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Cancer Epidemiol Biomarkers Prev. 2005 Mar;14(3):677-86.

Trends in cervical squamous cell carcinoma incidence in 13 European countries: changing risk and the effects of screening.

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  • 1International Agency for Research on Cancer, Lyon, France.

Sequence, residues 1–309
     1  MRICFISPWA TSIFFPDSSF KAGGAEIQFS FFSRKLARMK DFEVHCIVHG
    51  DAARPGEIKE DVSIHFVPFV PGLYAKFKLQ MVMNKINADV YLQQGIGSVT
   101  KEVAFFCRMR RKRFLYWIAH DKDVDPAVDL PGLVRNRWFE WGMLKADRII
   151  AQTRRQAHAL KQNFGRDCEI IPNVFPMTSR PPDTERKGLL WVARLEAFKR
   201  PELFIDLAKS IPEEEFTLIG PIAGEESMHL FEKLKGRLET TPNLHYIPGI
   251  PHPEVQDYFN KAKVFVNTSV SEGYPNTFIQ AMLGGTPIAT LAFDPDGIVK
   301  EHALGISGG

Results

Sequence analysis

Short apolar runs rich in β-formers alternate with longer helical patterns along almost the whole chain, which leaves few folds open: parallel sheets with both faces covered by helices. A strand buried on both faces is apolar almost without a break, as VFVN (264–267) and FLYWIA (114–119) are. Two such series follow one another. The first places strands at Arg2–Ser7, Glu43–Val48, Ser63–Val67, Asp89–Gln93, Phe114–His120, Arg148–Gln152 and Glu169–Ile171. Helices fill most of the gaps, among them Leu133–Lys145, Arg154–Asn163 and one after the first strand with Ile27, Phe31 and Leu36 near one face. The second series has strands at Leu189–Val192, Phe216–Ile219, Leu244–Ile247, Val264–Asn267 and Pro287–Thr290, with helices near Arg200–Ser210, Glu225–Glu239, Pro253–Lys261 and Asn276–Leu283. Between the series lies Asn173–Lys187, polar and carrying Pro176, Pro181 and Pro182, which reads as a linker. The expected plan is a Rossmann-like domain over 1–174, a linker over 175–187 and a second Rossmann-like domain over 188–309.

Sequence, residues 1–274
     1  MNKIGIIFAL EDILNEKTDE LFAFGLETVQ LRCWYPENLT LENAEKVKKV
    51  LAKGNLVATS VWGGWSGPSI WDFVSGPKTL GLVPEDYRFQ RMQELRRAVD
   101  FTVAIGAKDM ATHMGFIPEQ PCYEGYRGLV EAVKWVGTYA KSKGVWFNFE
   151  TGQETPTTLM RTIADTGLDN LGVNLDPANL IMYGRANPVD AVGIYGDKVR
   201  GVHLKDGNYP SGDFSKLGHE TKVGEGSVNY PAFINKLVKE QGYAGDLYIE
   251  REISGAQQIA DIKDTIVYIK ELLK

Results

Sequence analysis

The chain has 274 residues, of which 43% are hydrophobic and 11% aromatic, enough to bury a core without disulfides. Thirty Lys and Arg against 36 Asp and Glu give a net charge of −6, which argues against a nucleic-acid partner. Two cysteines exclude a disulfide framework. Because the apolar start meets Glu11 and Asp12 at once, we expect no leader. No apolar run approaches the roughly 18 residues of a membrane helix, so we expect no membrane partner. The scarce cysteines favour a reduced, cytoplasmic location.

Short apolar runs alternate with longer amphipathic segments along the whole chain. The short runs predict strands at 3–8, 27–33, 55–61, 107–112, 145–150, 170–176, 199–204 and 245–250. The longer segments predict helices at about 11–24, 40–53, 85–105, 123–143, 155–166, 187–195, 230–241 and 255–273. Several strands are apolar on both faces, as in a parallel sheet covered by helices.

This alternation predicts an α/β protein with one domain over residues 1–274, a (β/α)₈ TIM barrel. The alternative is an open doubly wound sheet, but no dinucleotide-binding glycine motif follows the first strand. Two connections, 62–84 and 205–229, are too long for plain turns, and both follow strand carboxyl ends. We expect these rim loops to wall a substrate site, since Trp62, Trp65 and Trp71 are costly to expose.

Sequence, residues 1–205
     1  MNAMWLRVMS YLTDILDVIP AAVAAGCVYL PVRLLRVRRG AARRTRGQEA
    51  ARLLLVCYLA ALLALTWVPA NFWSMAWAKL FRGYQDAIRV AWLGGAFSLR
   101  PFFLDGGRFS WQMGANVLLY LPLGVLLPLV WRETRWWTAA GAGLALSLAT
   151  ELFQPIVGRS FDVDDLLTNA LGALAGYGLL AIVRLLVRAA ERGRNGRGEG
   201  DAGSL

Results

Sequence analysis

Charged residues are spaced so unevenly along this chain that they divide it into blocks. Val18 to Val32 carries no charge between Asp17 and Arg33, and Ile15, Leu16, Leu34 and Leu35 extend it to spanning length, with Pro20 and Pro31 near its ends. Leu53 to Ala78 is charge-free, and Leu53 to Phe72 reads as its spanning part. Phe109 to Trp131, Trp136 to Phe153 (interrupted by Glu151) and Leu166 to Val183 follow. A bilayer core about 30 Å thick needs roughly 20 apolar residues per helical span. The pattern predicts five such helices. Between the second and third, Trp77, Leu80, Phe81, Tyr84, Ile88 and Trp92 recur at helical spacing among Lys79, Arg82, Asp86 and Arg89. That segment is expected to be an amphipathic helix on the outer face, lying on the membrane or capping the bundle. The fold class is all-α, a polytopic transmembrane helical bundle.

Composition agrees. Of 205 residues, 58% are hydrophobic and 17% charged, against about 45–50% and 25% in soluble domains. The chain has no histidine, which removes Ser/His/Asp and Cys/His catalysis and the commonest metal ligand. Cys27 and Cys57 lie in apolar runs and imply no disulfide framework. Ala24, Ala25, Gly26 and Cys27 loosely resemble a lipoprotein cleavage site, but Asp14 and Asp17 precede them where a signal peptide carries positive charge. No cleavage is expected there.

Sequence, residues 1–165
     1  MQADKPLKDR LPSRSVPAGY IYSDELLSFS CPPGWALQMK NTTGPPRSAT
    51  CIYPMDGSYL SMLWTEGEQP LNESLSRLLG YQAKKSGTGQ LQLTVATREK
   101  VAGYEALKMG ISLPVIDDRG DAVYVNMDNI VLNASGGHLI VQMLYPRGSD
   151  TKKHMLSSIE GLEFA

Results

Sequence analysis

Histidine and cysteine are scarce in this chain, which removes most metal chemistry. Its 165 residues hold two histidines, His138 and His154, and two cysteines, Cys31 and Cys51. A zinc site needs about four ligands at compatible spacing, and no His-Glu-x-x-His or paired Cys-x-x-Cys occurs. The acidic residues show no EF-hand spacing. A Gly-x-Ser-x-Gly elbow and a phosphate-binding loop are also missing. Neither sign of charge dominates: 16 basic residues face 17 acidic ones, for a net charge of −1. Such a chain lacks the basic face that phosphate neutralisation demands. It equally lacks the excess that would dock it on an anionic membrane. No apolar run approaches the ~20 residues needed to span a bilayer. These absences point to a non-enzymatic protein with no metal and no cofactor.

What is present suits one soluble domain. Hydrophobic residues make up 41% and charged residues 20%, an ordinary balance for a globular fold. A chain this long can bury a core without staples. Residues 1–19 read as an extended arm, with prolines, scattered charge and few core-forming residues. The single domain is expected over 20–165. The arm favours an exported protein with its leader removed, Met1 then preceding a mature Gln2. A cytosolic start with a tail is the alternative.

Despite there being sufficient evidence for the effectiveness of screening by cytology in preventing cancer of the cervix uteri, screening policies vary widely among European countries, and incidence is increasing in younger women. This study analyzes trends in squamous cell carcinoma (SCC) of the cervix uteri in 13 European countries to evaluate effectiveness of screening against a background of changing risk. Age-period-cohort models were fitted and period and cohort effects were estimated; these were considered as primarily indicative of screening interventions and changing etiology, respectively. A unique set of estimates was derived by fixing age slopes to one of several plausible age curves under the assumption that the relation between age and cervical cancer incidence is biologically determined. There were period-specific declines in cervical SCC in several countries, with the largest decreases seen in northern Europe. A pattern emerged across Europe of escalating risk in successive generations born after 1930. In the western European countries, a decrease followed by a stabilization of risk by cohort was accompanied by period-specific declines. In southern Europe, stable period, but increasing cohort trends, were observed. Substantial changes have occurred in cervical SCC incidence in Europe and well-organized screening programs have been highly effective in reducing the incidence of cervical SCC. Screening and changing sexual mores largely explain the changing period- and cohort-specific patterns, respectively. The increasing risk in recent cohorts is of obvious concern particularly in countries where no screening programs are in place. Further investigation of the effectiveness of opportunistic screening is warranted as is the observation of differing risk patterns in young cohorts in countries with relatively similar societal structures.

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